Everyone has heard about “the calm before the storm.” If you haven’t, I can describe it to you exactly as we saw it. The sky looked an eerie greenish color and very dark, almost like pea soup. I didn’t need a weather alert to tell me we were about to get hit by a tornado.
Instinctually, we began looking around for shelter. Luckily, this wasn’t my first rodeo. I grew up in Hiawatha, KS, a small town notorious for frequent tornados. I knew a ditch was NOT the best option for protection and neither was the highway overpass that looked to be about a half mile ahead.
A few of our gridlocked neighbors had the same idea. My husband got out of the Jeep and had a brief conversation with the Tacoma that sat beside us.
We decided to start driving in the opposite direction of the dark skies just ahead. We told the kids to stay down and to keep their seatbelts fastened.
Full Speed Behind
My husband quickly and efficiently turned the Jeep around and crossed the grassy terrain between the highway to the other side. I kept vigilant watch of the sky behind and we drove. Many of the vehicles that were around us followed suit. We drove as fast as we could go in the opposite direction.
We found the town of Abilene, KS quickly. We took the exit ramp and headed to the nearest gas station – luckily right off the exit.
We could hear the sirens blaring as we quickly jumped out of the hail-battered Jeep and joined the others already gathered in the walk-in cooler.
Later, we found the above footage of the tornado we had been party to. The video clip was provided by Tony Laubach/Tornadoes Kick Media, LLC.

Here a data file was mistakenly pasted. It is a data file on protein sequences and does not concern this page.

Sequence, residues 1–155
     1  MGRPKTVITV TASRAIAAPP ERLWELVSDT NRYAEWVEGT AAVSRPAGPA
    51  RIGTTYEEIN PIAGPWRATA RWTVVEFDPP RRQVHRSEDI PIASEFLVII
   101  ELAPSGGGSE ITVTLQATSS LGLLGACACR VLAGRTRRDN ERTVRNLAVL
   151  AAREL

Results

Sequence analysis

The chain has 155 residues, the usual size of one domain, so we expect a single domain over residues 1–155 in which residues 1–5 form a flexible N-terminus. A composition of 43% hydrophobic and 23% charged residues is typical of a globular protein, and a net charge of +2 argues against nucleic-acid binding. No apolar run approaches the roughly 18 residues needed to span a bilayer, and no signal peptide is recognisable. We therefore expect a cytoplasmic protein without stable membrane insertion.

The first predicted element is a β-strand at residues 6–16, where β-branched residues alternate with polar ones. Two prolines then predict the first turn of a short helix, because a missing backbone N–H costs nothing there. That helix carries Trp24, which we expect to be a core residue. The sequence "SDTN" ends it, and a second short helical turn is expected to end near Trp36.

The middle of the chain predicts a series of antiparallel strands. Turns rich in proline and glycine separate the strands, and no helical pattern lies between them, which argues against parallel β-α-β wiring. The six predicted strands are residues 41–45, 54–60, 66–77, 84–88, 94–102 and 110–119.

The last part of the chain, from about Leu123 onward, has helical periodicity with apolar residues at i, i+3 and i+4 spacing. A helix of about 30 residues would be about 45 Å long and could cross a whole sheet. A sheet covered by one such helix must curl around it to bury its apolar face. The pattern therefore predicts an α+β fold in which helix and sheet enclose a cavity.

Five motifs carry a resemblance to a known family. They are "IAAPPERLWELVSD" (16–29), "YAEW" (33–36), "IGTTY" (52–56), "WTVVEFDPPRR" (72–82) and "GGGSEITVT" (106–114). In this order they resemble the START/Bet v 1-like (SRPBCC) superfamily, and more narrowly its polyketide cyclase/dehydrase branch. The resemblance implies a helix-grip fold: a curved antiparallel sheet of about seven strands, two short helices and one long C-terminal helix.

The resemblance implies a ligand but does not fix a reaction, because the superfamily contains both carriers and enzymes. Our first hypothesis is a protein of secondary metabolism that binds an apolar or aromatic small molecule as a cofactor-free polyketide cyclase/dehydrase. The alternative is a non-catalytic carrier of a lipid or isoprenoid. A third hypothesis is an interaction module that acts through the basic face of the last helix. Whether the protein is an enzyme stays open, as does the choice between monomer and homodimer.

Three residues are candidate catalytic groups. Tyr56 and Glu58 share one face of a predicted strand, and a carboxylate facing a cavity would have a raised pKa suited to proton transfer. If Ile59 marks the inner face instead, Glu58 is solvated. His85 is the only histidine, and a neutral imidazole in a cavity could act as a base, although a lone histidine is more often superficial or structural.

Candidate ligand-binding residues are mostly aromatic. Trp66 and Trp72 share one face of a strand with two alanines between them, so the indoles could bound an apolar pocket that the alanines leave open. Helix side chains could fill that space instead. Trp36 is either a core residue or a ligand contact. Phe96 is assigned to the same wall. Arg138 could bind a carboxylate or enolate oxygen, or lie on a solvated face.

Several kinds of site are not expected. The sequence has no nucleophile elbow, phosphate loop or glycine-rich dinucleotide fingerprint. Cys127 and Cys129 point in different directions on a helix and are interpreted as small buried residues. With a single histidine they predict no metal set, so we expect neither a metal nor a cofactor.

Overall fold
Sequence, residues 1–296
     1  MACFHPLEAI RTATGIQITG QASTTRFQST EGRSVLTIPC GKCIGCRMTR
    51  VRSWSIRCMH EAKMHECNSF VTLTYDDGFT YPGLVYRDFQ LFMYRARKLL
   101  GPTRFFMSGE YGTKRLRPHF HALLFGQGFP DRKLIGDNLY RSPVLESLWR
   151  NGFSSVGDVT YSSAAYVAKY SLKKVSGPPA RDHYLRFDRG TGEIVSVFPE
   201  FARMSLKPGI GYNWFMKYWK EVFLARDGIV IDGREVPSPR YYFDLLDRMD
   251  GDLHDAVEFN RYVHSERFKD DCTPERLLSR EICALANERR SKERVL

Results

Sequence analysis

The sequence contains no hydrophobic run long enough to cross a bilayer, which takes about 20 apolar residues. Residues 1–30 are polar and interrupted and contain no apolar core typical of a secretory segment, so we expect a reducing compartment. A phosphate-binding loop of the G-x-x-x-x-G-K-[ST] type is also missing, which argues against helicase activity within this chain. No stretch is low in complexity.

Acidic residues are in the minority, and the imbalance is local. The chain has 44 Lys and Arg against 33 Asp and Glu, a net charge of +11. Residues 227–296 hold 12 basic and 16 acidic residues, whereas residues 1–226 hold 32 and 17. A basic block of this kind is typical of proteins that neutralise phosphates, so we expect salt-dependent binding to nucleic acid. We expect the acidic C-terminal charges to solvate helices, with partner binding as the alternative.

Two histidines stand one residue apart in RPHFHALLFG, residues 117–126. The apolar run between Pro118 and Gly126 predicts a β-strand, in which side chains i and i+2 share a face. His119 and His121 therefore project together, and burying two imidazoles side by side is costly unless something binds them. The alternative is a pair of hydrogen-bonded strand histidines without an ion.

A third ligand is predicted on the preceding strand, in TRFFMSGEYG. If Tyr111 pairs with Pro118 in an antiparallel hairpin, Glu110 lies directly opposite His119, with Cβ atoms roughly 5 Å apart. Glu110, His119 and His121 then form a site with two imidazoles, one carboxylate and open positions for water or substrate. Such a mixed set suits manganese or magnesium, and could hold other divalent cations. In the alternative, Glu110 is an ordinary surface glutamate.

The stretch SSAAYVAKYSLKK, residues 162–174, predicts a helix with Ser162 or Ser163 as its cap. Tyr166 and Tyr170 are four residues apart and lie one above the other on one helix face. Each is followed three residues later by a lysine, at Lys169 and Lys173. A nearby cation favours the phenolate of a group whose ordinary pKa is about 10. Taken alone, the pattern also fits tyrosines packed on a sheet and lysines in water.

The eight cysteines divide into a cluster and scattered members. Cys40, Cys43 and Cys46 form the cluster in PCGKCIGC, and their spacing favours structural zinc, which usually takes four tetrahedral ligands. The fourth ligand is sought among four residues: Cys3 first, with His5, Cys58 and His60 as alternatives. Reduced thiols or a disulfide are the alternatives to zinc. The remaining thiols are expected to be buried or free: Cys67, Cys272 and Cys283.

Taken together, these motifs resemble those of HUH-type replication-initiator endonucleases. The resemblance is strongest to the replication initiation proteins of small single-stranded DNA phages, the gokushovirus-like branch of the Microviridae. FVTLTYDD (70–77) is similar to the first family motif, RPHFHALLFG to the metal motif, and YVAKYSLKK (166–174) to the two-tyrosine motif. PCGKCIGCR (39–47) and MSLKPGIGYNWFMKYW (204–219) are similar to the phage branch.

No Tornado Watch, No Tornado Warning
As mentioned earlier in the story, we were never notified of a Tornado watch nor warning. I write this story in hopes of teaching others what to do if you are traveling and end up in the direct path of a tornado.
Our decision to “out-run” the tornado is NOT advisable. We got lucky. We knew the closest form of shelter was 5 minutes behind us and as a family, decided to take our chances.
What To Do In Tornado While Traveling
If you are on the highway, as we were, and find yourself sharing the road with one of Mother Nature’s most dangerous weather occurrences, remember the following points.
- Do NOT see shelter under an overpass. Weather.com says, “It’s understandable that motorists would feel safest under a sturdy structure like an overpass, but winds are actually higher in these openings, and debris is just as likely to harm you there.”
- If you can see the tornado in the distance, NOAA recommends changing course and driving toward a sturdy shelter as soon as you are able. They recommend truck stops, convenience stores, restaurants, and even walk-in coolers. Once you are inside, go to the basement, a cellar, or a hallway or room without windows in the center of the house. – also from the Weather.com website.
- If you see a tornado developing where you are driving, the best thing to do is to pull over and evacuate your vehicle. Seek shelter in the nearest sturdy building or storm shelter; do not hide under your car. The wind could potentially roll your car over. If there is no available shelter, find the nearest ditch or low-lying area and crouch low to the ground covering your head with your arms. From www.accuweather.com.
- Trust your instincts. If you see tell-tale signs of a tornado, find shelter immediately. High-speed winds, lightning, hail, green skies, and wall clouds are all indicators of potential Tornadic activity.
After The Storm
If your vehicle has been damaged by flying debris or hail, don’t worry about it until you know you and your loved ones are safe. After the storm, contact The Hail Shop USA for a free hail damage estimate. We have locations across the United States.
If you do not find a location near you, look for a reputable paintless dent repair shop near you.